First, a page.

• Authored By: Regean Mugume
14 Mar 2023

Unpaid care work is critical for the welfare of all people at household and community levels. Chores such as cooking, washing utensils, taking care of the sick, and collecting firewood are critical to the household’s well-being.

This work is hardly appreciated, and the burden is disproportionately borne by women. Women and girls spend at least six hours daily on unpaid care activities compared to four hours by men and boys, according to a baseline study by Economic Policy Research Centre, Makerere University School of Women and Gender studies, and Care International. The study is supported by the International Development Research Centre (IDRC), Canada.

Social and gender norms play a crucial role to burden women with unpaid care work in households. Most communities have defined what men and women can and cannot do.

Failure to abide by these norms is met with sanctions, including disregard in families, and rebuke from community circles. A man helping his wife to cook or wash utensils is “bewitched.”

Women, who are the burden bearers, also embrace these norms and look at unpaid care work as their duty which defines their identity in society. Our study asked, “who contributed more to family wellbeing,” and majority of women said “men” – an indicator that they viewed contribution majorly in monetary terms, and the significance of domestic care work is hardly recognised even by those burdened to provide it.

Agenda 2030 Sustainable Development Goals (SDGs) underscore the need to address negative gender and social norms that continue to derail women and girls progress in the world of work. Governments are tasked to recognise and value unpaid care and domestic work through the provision of public services, infrastructure and social protection policies.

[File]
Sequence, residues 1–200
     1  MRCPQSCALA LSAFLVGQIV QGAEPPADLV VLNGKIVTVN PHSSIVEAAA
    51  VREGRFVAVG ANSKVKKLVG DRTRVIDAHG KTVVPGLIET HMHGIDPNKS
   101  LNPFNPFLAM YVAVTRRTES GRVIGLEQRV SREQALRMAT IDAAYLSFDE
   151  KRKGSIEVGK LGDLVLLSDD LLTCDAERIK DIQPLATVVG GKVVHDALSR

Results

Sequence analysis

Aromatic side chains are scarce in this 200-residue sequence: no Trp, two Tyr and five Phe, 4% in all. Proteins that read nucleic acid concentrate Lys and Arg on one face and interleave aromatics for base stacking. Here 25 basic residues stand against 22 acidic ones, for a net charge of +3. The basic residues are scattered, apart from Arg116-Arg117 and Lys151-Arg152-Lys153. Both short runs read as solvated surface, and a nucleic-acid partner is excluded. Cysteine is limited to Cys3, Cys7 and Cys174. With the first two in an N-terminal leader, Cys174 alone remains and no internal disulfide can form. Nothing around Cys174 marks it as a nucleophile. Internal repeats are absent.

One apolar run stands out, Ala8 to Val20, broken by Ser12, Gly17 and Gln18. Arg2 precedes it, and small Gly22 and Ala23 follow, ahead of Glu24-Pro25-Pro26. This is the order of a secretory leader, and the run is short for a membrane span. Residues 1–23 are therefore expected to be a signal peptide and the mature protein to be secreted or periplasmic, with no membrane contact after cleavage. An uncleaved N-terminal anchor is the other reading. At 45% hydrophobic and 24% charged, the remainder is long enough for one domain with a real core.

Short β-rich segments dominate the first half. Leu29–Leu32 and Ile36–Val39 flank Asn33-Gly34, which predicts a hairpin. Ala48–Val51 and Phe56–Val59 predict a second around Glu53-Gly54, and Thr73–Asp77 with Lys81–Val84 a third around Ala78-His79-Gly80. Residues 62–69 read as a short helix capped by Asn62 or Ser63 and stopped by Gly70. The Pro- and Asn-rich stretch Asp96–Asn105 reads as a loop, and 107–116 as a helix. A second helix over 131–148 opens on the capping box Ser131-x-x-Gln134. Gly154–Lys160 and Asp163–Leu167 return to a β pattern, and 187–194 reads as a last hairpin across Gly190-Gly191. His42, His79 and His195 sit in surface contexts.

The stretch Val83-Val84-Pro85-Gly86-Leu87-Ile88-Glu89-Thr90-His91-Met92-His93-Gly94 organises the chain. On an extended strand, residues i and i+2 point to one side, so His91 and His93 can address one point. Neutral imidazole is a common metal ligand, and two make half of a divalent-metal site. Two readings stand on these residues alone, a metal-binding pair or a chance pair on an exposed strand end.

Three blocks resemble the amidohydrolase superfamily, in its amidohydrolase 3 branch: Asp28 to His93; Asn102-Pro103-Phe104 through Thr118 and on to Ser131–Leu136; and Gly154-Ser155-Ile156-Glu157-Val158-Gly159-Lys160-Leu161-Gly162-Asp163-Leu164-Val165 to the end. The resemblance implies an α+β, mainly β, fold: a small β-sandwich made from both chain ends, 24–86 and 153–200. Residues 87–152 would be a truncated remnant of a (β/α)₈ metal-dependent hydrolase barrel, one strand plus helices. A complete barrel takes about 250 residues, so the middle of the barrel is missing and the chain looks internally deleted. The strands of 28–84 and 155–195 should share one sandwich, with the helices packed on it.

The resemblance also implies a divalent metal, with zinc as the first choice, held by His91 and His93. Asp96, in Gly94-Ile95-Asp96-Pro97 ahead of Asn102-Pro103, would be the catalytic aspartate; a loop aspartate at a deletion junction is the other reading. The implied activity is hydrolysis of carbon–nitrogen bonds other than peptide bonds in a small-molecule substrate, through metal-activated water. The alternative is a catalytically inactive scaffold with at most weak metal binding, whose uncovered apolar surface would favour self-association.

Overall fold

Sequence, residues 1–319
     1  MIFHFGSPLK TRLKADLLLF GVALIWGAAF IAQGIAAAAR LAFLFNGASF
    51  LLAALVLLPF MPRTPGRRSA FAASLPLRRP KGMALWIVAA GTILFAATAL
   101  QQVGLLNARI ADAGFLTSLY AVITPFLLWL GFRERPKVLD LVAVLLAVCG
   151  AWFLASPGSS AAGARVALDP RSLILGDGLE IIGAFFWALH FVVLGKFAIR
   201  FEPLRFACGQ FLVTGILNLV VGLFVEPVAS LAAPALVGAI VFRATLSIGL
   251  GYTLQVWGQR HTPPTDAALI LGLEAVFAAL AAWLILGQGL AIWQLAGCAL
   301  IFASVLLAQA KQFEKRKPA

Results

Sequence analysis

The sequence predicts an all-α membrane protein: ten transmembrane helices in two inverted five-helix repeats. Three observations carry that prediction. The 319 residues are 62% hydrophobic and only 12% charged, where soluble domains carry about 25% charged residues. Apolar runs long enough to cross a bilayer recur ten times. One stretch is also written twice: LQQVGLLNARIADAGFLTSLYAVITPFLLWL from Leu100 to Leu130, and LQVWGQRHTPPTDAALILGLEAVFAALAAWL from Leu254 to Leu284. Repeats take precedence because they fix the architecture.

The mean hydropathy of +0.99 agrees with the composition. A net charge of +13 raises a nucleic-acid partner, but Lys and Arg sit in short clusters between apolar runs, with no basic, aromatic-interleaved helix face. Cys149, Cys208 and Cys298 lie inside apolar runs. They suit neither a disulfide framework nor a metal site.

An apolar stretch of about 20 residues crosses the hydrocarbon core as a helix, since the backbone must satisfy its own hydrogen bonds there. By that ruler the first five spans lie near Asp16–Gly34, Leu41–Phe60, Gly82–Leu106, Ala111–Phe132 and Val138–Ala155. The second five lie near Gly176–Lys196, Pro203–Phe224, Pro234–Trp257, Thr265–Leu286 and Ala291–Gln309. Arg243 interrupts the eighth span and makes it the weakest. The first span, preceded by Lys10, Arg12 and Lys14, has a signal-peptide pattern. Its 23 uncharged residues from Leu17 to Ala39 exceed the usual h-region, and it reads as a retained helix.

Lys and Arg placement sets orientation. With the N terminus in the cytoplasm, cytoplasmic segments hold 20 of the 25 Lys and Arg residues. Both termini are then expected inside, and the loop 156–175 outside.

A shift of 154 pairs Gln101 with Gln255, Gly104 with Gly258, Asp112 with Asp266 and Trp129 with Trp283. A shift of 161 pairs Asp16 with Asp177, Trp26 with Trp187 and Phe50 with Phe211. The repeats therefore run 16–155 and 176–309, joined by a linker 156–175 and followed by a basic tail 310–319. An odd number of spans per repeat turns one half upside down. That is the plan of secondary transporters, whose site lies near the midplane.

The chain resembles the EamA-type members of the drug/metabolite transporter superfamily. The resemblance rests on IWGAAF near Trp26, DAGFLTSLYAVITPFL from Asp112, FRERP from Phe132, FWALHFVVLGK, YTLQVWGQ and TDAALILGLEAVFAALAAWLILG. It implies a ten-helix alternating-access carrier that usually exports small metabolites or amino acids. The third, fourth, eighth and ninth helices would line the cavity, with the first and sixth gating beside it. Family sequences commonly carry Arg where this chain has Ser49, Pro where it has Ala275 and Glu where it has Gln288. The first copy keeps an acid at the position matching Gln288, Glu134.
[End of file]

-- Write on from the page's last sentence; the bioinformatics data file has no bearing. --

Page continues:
Several policies such as the National Employment Policy (2011), National Child Labour Policy (2006), and Male Engagement Strategy (2017) touch a few aspects of unpaid care work but do not address the disproportionate burden suffered by women.

Man, holding his baby, shares experience with community.

As result, the unpaid care work has persistently limited women participation in paid employment. Even the women that take up jobs are underemployed in small businesses such as starting up a nearby market stall to enable them balance home chores and paid work.  Such jobs can only guarantee very small earnings which leaves women poor, vulnerable, and dependant on men.

There is need for a paradigm shift by society from the engrained social norms that define unpaid care work, all the way from the families and communities up to the national level since we all benefit from care work.

Domestic care work should be recognised, equally redistributed among women and men to reduce its burden from women. Men need to participate in domestic work equally to be good examples for both girls and boys alike.

This requires leveraging technology to creatively design purpose-specific labour-saving devices (e.g., water gathering solutions, piped water, cookstoves, food processors and other low wattage solar-powered home appliances).

Elders, religious, and political leaders need to emphasise the need for men to help their wives.  Government policies, plans and budgets need to be cognizant of the role of unpaid care work in the economy.

Technologies such as mobile money/digital payments need to be made affordable for women to use to do business remotely and/ or carry simple errands such as deposit of school fees for their children instead of having to queue up at school or bank.

This article was first published in the print version of New Vision on March 8, 2023